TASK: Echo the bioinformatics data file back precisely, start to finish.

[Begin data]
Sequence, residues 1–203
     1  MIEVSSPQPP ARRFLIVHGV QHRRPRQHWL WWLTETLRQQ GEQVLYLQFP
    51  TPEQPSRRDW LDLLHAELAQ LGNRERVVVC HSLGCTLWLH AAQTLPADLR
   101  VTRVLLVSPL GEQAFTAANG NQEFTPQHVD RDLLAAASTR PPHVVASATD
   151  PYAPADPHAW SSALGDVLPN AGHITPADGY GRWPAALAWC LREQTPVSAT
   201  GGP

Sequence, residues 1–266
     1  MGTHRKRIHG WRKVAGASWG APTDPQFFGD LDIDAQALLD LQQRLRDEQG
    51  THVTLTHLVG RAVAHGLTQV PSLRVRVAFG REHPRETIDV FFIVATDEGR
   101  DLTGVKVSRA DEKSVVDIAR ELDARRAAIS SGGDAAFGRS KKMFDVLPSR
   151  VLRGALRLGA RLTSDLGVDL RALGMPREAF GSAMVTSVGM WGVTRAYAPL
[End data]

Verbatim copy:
Sequence, residues 1–203
     1  MIEVSSPQPP ARRFLIVHGV QHRRPRQHWL WWLTETLRQQ GEQVLYLQFP
    51  TPEQPSRRDW LDLLHAELAQ LGNRERVVVC HSLGCTLWLH AAQTLPADLR
   101  VTRVLLVSPL GEQAFTAANG NQEFTPQHVD RDLLAAASTR PPHVVASATD
   151  PYAPADPHAW SSALGDVLPN AGHITPADGY GRWPAALAWC LREQTPVSAT
   201  GGP

Sequence, residues 1–266
     1  MGTHRKRIHG WRKVAGASWG APTDPQFFGD LDIDAQALLD LQQRLRDEQG
    51  THVTLTHLVG RAVAHGLTQV PSLRVRVAFG REHPRETIDV FFIVATDEGR
   101  DLTGVKVSRA DEKSVVDIAR ELDARRAAIS SGGDAAFGRS KKMFDVLPSR
   151  VLRGALRLGA RLTSDLGVDL RALGMPREAF GSAMVTSVGM WGVTRAYAPL